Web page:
The Hotel des Invalides is one of the most conspicuous buildings in Paris, the dome of its church rising 340 feet from the pavement to the summit of its cross. Beneath it is the tomb of Napoleon I, circular crypt with walls of polished granite adorned with marble reliefs, between which are grouped as trophies the flags of conquered nations. On a mosaic pavement resembling a wreath of laurels and inscribed with the names of many victories, rests the sarcophagus of the great general, a single block of sandstone weighing nearly 70 tons. The main building, covering with its spacious plaza more than 30 acres, was founded by Louis XIV for the reception of soldiers disabled by wounds or retired after a long term of service. Most of the rooms are now used for other purposes, including a library of 40,000 volumes, and the so-called Artillery museum, with an ethnographic gallery and specimens of ancient and modern weapons.

The grand boulevards, extending for three miles in unbroken line from the Madeleine to the Bastille, are the finest, as well as the busiest and most fashionable quarter, containing the more showy cafes, shops, and theaters. In the heart of business are such buildings as the bank of France, and the Bourse, with its allegorical statues and ambitious design, the peristyle representing Vespasian’s temple in the Roman forum. These and adjacent thoroughfares are traversed daily by 30,000 vehicles, and at night are brilliantly lighted, while the shade trees which line them are carefully preserved, those which are killed by gas being replaced by full-grown substitutes transplanted at great expense. In the Place des Vosges is a marble equestrian statue of Louis XIII, and in the square where ends the Boulevard du Temple is a fountain adorned with spouting lions, its basin 100 feet in diameter. The Porte St. Martin in the boulevard of that name is in the shape of a triumphal arch, 57 feet in height and length, reliefs and inscriptions commemorating the victories of Louis XIV in whose honor it was founded. For the same purpose was erected the triumphal arch of St. Denis, a loftier structure and adorned with obelisks covered with military trophies in relief. The Boulevard des Italiens is one of the most crowded of Parisian avenues; for in this vicinity are the quarters of several clubs, many fashionable shops, and some of the best hotels and cafes.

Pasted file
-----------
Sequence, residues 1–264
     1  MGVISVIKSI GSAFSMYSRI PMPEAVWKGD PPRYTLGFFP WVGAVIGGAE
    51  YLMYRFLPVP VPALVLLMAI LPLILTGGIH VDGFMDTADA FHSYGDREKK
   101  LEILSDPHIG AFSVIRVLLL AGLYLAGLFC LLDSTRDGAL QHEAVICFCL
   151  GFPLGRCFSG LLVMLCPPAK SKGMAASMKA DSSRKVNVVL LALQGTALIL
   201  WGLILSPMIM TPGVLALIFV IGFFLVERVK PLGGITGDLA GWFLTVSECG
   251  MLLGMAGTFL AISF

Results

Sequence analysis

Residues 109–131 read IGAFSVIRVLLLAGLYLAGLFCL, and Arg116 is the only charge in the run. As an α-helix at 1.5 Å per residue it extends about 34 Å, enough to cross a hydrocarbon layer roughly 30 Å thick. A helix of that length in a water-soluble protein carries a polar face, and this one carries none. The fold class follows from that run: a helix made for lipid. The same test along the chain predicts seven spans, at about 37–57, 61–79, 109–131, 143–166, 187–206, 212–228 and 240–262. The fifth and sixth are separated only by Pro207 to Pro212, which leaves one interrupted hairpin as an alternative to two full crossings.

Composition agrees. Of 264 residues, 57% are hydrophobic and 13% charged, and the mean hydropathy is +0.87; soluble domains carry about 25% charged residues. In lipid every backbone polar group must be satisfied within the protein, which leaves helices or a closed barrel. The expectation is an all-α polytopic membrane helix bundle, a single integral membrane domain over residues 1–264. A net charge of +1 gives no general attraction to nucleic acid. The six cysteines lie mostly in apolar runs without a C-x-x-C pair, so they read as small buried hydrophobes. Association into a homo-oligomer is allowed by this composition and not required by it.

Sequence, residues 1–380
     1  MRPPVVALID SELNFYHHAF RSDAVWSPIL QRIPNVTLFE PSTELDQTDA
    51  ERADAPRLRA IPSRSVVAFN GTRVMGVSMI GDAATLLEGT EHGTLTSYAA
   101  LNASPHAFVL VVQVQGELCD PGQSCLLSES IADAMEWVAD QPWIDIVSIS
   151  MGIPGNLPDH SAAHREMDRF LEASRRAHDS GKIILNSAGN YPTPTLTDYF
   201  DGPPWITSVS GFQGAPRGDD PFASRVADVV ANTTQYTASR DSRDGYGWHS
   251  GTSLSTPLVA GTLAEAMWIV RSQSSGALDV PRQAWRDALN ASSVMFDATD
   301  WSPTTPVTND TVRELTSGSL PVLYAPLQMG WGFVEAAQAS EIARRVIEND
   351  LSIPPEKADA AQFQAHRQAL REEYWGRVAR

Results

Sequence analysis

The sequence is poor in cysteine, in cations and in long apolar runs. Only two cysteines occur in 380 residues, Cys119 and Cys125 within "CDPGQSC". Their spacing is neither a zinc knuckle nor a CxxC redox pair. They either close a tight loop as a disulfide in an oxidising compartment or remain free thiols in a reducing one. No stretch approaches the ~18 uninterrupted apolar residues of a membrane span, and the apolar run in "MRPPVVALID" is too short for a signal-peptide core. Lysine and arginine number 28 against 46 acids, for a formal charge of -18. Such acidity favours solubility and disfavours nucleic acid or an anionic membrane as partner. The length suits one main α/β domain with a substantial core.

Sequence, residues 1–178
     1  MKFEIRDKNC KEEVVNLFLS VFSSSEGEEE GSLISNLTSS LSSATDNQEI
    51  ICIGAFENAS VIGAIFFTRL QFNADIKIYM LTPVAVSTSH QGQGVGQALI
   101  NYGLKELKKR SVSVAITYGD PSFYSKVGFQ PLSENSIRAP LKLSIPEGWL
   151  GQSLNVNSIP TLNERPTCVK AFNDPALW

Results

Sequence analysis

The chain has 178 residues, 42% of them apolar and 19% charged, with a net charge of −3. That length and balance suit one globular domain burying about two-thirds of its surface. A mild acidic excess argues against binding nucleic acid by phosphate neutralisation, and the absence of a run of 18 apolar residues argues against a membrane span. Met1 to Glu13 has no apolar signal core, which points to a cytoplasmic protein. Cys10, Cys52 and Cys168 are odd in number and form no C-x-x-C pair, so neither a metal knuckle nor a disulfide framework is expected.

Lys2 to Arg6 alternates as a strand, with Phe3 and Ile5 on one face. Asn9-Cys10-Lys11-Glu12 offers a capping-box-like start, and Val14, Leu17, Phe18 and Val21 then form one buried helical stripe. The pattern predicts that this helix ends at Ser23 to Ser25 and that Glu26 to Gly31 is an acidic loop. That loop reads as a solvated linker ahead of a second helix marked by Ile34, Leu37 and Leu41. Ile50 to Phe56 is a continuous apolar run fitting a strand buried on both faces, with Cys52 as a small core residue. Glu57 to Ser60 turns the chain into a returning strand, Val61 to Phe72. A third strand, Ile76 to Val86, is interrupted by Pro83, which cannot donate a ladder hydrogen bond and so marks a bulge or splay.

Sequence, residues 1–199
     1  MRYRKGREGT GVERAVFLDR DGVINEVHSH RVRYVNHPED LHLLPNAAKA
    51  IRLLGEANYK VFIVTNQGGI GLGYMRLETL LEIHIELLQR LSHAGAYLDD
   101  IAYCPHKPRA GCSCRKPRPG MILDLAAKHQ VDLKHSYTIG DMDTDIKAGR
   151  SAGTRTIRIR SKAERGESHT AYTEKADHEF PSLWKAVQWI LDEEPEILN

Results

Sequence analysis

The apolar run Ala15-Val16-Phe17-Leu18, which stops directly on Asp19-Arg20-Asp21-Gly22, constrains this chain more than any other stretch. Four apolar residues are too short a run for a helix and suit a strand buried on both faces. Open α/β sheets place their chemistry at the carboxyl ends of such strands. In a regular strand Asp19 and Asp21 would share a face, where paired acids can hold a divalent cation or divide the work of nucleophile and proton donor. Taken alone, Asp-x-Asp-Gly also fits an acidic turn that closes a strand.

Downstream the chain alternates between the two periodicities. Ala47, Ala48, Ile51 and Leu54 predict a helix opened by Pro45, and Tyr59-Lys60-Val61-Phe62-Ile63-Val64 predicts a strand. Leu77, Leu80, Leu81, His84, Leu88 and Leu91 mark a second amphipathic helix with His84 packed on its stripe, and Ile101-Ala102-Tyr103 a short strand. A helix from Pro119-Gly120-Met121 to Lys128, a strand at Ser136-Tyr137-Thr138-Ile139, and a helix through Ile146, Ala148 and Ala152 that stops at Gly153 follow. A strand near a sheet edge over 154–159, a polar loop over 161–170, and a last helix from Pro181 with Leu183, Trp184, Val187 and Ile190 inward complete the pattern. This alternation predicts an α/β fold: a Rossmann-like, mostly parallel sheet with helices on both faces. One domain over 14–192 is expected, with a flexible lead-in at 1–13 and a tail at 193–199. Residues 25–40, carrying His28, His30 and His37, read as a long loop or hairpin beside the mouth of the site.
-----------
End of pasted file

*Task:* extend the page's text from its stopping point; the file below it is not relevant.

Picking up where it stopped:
Nearby is the Place de l' Opera, on the northern side of which is the Grand opera house, one of several streets converging in this thronged quarter leading to the Place du Theatre Francais.